Storyboards are essential for me, although I sometimes
deviate from them on set when the shit hits the fan and you have to
improvise and change things to speed up.Then its just a case of
ensuring that you grab the essence of the scene - its importance, its
relevance and meaning to the story, when you shoot it.
What can you tell us about your cast, and how
easy/hard was it to get actors to shoot in the Afghan-Pakistan border
Shaun Dooley is a well known character actor in the
UK, and I sent him the script and appealed to his sense of adventure. He
was fantastic, both as an actor and a captain on set. For the Afghans we
cast local actors from Quetta, where there is a TV studio making drama,
and they are good actors but not used to working at our pace, so we had
some issues there, but overall I was very pleased with them.
What can you tell us about audience and critical
reception of your movie?
It was mixed. We had some great
reviews, like in the Huffington Post, but also some poor ones, which is to
be expected. To be honest, after what we had gone through to get the movie
made, I was just glad that we actually finished the film - that it didn't
collapse, and so to actually have critics reviewing a film that had been
released was quite a miracle.
As far as I know, prior to (and
since, if I'm not mistaken) Kandahar
Break you've worked mainly for television and on shorts - so what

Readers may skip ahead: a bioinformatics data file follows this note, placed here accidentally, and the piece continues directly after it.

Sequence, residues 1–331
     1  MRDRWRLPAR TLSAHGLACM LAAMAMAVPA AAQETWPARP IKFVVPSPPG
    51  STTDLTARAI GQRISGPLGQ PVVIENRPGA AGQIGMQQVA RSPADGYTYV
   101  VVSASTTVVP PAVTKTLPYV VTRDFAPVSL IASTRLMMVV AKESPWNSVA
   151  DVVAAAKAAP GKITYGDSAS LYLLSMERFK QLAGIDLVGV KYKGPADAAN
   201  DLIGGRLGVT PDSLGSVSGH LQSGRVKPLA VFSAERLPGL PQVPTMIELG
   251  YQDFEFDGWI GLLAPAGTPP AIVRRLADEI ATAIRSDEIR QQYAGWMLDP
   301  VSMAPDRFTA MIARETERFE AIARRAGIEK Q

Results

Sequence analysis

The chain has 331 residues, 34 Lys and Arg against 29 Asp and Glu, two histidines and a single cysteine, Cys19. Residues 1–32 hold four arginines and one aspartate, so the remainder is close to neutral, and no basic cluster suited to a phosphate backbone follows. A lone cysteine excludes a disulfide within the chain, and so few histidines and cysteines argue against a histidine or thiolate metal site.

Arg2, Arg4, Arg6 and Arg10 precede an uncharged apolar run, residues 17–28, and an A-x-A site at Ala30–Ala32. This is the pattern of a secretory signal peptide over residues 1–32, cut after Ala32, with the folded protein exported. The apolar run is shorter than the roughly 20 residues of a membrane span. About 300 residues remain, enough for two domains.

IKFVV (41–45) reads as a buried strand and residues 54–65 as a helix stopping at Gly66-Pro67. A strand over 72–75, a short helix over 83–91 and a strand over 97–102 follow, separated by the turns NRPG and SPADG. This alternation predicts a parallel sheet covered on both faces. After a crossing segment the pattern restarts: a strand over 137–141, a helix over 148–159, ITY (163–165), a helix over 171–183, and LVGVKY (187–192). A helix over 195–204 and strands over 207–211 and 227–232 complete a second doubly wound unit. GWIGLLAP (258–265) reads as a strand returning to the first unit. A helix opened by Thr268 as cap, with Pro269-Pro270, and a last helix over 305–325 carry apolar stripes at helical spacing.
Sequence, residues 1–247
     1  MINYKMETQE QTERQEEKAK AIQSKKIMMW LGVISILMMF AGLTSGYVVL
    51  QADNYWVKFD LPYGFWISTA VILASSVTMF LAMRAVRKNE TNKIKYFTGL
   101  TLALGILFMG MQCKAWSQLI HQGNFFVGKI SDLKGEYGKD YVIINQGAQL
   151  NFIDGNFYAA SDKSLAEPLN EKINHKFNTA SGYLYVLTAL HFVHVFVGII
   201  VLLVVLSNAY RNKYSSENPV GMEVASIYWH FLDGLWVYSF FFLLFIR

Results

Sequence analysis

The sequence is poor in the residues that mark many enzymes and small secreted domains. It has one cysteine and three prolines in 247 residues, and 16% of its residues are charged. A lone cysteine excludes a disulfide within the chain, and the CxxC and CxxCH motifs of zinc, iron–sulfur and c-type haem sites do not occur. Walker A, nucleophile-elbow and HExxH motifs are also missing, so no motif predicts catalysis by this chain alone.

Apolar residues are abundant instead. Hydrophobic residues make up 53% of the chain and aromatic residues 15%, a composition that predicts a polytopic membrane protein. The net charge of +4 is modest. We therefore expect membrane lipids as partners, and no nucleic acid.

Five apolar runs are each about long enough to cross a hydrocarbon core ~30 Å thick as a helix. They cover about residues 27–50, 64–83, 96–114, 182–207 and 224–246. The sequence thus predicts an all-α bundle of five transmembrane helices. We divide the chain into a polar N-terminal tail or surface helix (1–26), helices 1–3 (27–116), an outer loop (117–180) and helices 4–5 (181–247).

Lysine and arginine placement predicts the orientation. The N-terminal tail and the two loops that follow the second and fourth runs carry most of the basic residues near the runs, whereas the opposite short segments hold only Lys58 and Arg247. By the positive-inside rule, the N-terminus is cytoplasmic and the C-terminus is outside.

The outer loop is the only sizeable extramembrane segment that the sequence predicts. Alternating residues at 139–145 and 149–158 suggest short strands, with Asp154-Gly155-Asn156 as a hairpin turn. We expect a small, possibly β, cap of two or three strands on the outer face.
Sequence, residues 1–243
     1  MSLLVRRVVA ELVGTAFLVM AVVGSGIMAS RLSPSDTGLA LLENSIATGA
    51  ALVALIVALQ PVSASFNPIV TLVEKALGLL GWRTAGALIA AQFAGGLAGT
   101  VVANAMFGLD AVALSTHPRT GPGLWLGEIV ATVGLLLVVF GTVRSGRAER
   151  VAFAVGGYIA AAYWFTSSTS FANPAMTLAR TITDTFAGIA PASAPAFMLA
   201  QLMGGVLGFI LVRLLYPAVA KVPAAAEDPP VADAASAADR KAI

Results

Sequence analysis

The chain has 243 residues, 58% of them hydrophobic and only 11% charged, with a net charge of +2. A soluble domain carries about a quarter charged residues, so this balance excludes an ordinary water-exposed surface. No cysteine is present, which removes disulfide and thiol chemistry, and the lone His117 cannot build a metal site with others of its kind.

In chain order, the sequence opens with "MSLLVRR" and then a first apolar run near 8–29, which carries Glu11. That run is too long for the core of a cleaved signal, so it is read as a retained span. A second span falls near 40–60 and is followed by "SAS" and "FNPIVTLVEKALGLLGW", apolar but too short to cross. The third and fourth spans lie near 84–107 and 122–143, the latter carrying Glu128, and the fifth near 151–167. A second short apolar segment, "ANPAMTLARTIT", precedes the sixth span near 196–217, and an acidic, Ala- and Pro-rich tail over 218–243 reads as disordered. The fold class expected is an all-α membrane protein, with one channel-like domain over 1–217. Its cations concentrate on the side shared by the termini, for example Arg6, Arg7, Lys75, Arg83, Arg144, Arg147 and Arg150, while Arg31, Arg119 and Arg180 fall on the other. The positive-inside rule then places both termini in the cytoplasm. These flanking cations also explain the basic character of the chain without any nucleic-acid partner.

can you tell us about your other filmwork?
I've done a lot
of TV commercials and corporate films, but shorts and drama are, I think,
my forte and since the film came out I have made more short films.
projects you'd like to share?
I'm currently attached to a
few features - all in the financing stage, some with cast attached and
part financed already. Making the next feature, it's important that there
is more money and I have more time.
What got you into
filmmaking to begin with, and how did you learn the trade?
love telling stories, and being creative. I also love the film life.
I've worked in factories and done mundane office jobs. I worked in a
factory for months breaking up chip boards and part of a
submarine, and then I worked in a sandblasting factory in Bolton,
where I come from. It was boring and I was depressed, hating every
minute of it and dreading going to work. Being a director is invigorating
and I love going to work everyday.
would you describe yourself as a director?
That's why I want bigger budgets and more time, so I can become more
demanding and get it how I want it more of the time.
who inspire you?
Oliver Stone, Martin Scorsese, John McTiernan, Fincher, Spielberg,
Coppola, Alexander Payne, Tony Scott, Terence Malick.
I'm not just a fan of their films, I really study their films -
the shots, the style, the camera movement (or lack of movement in
Your favourite movies?
Feeling lucky ?
any of my partnershops yourself
for more, better results ?
The links below
will take you
my favourites and not necessarily films that I think are the best, but are
my faves for personal reasons: Raiders of the Lost Arc and Predator. But I
do have my art-house side as well, and I love going to film festivals and
watching smaller independent films and European Cinema. I saw an
Austrian film called Michael at the Bratislava Film Festival
and it was one of the best films I'd seen that year. Bullhead,
a Belgian film that I saw at a film fest last year, was a film
that really inspired me. I didn't like The White Ribbon though.
and of course, films you really deplore?
None really. I'm
open to anything.
movie's website, Facebook, whatever else?
you are dying to mention and I have merely forgotten to ask?
for the interview!